Posted by Amanda Crawford at 18/12/2018 10:50:19
Doctors in west Kent are urging those most at risk from flu to protect themselves and their families by taking up the offer of a free flu jab.
Flu is a highly infectious disease and can lead to serious complications if you have a long-term health condition like COPD, diabetes, heart, kidney or liver disease or have suffered a stroke. Flu on top of health conditions like these can easily develop into something very serious and lead to hospitalisation.
People with these and other long-term health conditions, as well as those aged over 65, pregnant women, children aged two and three, as well as school children from reception class through to year five, are eligible for the free flu vaccine. For eligible children, the flu vaccine is not an injection, just a quick nasal spray.
Dr Bob Bowes, chair of NHS West Kent Clinical Commissioning Group (CCG), said: “Help us help you stay well this winter. It really is important for patients with long-term health conditions, such as diabetes, to make sure they have the flu vaccine.
“Speak to your GP or pharmacist now as having the vaccine is the best way of protecting yourself from contracting the flu virus and minimising any risk of more serious complications that might arise from infection caused by the flu virus.”
Flu vaccination is part of the Stay Well This Winter campaign, a joint initiative from NHS England and Public Health England, supported by Kent County Council (KCC), to help the public ward off common winter illnesses.
KCC Director of Public Health, Andrew Scott-Clark, said: “Full protection from the vaccine can take up to two weeks to develop and people should act now to protect themselves against flu and make sure that flu doesn’t ruin their Christmas. Residents should contact their local GP or pharmacist as a matter of urgency.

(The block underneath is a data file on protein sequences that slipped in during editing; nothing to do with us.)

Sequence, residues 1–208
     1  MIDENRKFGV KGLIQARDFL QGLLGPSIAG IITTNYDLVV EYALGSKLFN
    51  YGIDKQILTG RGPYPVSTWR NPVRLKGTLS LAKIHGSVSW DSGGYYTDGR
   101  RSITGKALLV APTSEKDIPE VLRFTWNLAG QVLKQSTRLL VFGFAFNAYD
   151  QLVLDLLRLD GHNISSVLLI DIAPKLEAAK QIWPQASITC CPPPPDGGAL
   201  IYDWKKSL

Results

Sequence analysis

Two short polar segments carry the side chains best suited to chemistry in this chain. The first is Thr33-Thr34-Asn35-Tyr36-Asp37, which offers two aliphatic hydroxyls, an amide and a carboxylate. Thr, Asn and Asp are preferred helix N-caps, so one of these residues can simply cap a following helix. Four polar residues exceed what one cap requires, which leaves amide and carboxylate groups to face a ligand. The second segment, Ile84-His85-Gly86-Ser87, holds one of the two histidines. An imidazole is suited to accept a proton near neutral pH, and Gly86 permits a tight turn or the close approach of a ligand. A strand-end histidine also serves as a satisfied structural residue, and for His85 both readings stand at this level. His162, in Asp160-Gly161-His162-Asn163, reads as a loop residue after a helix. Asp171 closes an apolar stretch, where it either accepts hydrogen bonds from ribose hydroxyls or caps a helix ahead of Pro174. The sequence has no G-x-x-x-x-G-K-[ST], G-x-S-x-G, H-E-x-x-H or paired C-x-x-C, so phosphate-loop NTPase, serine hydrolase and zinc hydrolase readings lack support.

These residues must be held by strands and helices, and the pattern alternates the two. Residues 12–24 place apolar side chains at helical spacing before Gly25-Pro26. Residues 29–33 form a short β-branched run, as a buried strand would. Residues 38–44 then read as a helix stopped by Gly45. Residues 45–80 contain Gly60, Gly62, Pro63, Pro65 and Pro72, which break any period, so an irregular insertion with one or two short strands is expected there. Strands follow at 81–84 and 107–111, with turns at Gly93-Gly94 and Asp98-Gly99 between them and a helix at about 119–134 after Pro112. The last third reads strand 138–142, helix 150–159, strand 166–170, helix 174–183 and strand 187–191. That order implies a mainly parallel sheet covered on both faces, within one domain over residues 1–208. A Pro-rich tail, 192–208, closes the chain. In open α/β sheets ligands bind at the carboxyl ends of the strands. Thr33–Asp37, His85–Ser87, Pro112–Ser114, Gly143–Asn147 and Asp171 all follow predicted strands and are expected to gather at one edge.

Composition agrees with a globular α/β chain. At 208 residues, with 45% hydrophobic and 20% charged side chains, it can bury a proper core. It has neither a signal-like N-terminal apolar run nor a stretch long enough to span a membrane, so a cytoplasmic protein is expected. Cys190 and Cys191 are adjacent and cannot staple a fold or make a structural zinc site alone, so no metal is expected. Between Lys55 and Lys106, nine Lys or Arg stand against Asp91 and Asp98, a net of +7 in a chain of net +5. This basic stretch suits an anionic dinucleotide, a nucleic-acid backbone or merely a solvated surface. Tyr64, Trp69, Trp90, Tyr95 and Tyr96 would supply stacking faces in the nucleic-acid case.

“In recent years, hospitals across the region have been busy with people who could have been vaccinated. The flu vaccine can help protect you from flu and also reduce the chance of flu spreading to others.”
If you have a child aged two or three get them vaccinated against flu with the free nasal spray vaccine from your GP. School children from reception class through to year five will get their vaccinations through their school.
Pregnancy naturally weakens the body’s immune system and as flu can cause serious complications for you and your baby, pregnant women who get the flu may be less able to fight off infections, increasing the risk of becoming ill. The flu jab is the safest way to protect you and your baby against flu and you can have it at any stage of pregnancy, however fit and healthy you might feel. For more information, visit www.nhs.uk/staywell and www.kent.gov.uk/winterhealth